MISSOULA — Their maroon-clad backers made for a mighty electric atmosphere Saturday night, but the Montana Grizzlies aren't winning with mystique like they once did.
That's not a slight. It's just reality. It comes with missing the Football Championship Subdivision playoffs the last three years.
Opponents don't melt in Montana's presence the way they did 10 years ago in coach Bobby Hauck's first go-round in Missoula. They're not afraid to open up the playbook early.
These days the Grizzlies have to prove themselves week-in and week-out against foes that couldn't give a rat's whisker about their past success. North Alabama, for example, didn't look the least bit jittery taking the fight to Montana and building a halftime lead.
Recapturing the old home mystique won't happen overnight. On Saturday the No. 22 Grizzlies compensated with second-half fireworks, showing why they're climbing up the rankings by surging past the cat-quick Lions, 61-17.
There was a time back in 2009 when Hauck's hungry horde just leaned on physically-inferior foes with an intimidating, clock-devouring run game. That part of the offense is under construction, so Montana is tasked with beating the North Alabamas and South Dakotas at their own game with passing, misdirection runs and Dalton Sneed scrambling.
Fortunately for Griz fans, Hauck's offense is solid in all three departments. And they're mostly good on special teams, which has long been regarded as Hauck's strongest suit.
Think about the first quarter Saturday. Montana led 10-7 in large part because of Jerry Louie-McGee's 31-yard punt return, a 19-yard fake punt run by Adam Wilson and a field goal by Brandon Purdy.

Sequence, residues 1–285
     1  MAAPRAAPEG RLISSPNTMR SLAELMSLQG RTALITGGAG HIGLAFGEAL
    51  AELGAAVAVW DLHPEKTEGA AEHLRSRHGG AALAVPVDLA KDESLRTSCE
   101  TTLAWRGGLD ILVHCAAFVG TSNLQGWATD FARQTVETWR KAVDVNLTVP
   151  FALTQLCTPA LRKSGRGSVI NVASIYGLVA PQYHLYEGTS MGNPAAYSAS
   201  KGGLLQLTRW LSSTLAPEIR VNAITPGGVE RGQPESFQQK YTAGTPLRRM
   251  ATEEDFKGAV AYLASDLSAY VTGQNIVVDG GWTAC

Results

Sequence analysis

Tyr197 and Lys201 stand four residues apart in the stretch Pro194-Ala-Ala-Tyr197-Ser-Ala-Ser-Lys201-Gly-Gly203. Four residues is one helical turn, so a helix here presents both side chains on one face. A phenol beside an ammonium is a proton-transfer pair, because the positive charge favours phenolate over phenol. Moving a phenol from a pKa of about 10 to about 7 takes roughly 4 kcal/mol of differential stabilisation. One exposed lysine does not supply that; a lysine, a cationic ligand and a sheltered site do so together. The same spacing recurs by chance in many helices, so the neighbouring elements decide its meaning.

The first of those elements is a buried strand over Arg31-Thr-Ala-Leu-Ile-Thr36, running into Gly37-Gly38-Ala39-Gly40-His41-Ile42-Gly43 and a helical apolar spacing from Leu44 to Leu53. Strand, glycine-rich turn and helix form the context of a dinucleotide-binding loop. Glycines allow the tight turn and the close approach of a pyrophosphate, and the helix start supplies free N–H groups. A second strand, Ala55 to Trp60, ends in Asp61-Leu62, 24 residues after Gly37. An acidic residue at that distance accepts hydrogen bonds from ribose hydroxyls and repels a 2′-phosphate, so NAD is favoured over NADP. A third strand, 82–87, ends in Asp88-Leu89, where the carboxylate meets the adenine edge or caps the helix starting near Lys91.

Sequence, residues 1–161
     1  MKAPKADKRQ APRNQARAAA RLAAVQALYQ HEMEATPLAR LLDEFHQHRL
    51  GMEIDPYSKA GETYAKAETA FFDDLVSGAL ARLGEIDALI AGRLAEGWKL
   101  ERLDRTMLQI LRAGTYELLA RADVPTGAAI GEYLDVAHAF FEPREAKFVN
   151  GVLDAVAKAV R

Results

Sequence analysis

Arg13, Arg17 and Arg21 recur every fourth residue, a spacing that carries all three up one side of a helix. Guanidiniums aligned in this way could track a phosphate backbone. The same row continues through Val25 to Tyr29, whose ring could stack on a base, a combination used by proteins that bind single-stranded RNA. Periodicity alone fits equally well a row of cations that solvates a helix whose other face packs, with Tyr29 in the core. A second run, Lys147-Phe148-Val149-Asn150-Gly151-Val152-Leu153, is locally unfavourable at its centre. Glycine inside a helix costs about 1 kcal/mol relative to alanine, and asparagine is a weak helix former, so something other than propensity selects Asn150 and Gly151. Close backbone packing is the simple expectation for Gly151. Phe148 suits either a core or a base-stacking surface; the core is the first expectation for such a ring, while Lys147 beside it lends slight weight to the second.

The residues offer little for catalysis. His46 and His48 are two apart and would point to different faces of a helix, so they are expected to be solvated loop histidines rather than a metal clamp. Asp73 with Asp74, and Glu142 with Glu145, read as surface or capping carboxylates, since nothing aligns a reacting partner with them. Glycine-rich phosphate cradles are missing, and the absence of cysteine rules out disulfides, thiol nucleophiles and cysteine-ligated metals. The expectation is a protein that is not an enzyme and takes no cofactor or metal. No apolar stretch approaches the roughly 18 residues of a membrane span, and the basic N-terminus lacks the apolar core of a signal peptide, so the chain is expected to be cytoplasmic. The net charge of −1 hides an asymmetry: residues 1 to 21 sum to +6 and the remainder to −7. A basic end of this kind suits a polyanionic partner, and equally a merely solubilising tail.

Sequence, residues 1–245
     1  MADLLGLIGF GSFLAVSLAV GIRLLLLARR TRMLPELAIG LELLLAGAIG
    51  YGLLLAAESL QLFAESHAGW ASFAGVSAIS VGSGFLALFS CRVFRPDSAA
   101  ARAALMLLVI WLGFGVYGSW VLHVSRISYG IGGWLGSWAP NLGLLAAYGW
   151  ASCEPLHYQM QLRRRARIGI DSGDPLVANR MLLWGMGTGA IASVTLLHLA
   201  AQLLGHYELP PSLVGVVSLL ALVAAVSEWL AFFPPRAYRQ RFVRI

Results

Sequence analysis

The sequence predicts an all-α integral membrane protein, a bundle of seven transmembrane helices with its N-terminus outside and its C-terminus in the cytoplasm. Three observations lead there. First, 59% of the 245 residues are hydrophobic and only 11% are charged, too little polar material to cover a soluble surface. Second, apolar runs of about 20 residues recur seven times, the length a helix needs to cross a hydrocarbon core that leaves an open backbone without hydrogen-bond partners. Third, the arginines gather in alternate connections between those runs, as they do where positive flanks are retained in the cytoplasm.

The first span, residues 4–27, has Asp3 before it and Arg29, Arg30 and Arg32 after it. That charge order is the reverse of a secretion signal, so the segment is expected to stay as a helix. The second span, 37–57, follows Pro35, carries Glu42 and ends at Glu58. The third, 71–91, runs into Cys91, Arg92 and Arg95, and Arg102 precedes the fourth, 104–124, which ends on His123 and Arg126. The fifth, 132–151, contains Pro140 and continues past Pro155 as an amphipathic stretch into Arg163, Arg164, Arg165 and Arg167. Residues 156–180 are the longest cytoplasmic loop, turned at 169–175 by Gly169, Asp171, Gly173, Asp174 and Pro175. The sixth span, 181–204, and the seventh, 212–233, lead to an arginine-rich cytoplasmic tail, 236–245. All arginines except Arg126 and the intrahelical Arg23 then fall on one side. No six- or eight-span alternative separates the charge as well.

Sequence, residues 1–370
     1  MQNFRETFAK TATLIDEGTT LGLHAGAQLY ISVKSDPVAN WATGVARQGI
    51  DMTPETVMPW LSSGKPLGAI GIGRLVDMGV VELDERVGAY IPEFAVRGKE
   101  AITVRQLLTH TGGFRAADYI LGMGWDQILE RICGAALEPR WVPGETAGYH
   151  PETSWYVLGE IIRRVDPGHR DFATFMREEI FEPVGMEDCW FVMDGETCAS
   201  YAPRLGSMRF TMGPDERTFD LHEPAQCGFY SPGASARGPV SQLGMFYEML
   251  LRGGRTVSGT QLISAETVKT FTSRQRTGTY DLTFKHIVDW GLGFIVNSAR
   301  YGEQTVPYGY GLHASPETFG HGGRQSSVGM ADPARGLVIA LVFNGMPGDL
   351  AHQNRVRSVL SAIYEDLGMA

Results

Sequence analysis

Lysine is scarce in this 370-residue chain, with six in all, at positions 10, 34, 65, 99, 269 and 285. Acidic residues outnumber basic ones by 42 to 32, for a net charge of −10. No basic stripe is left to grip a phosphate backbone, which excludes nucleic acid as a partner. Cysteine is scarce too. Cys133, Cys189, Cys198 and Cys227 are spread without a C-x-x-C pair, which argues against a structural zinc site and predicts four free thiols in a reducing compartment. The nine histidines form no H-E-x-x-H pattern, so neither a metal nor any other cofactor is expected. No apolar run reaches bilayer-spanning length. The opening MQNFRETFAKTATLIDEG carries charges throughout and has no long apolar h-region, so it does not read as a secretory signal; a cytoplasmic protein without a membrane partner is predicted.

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Granted, a failed fake field goal late in the first half cost Montana a lead at intermission. But the Griz still finished on the plus side when it came to special teams, especially when you factor in Louie-McGee's punt returns of 29 and 74 yards for a TD late in the third frame.
Saturday's game boiled down to halftime coaching adjustments and Montana's monster 24-point third quarter. The manner in which the Griz moved the chains and picked off two passes in the period sent 24,033 fans into a frenzy.
When Hauck tells us it's hard to win these days, he's not just blowing smoke. The FCS and the Big Sky Conference are both deeper than they used to be 10 years ago. A lot deeper.
The more Montana wins, the more jittery teams are going to be when they come to Washington-Grizzly Stadium. Beating the Grizzlies in the shadow of Mount Sentinel will become tougher and tougher.
Will Hauck's Griz ever get back to the point where they're 51-6 over a four-year span like they were from 2006 to 2009? Maybe someday. But to believe UM can return to that dominating level soon is to do an injustice to the competition.
So today, be happy the Griz are 2-0. North Alabama is a darn good football team. It's easy to see how the Lions won at Southern Utah last year and at Western Illinois last week.
The old Griz home mystique may not be back completely, but it most certainly made a guest appearance in the third quarter Saturday.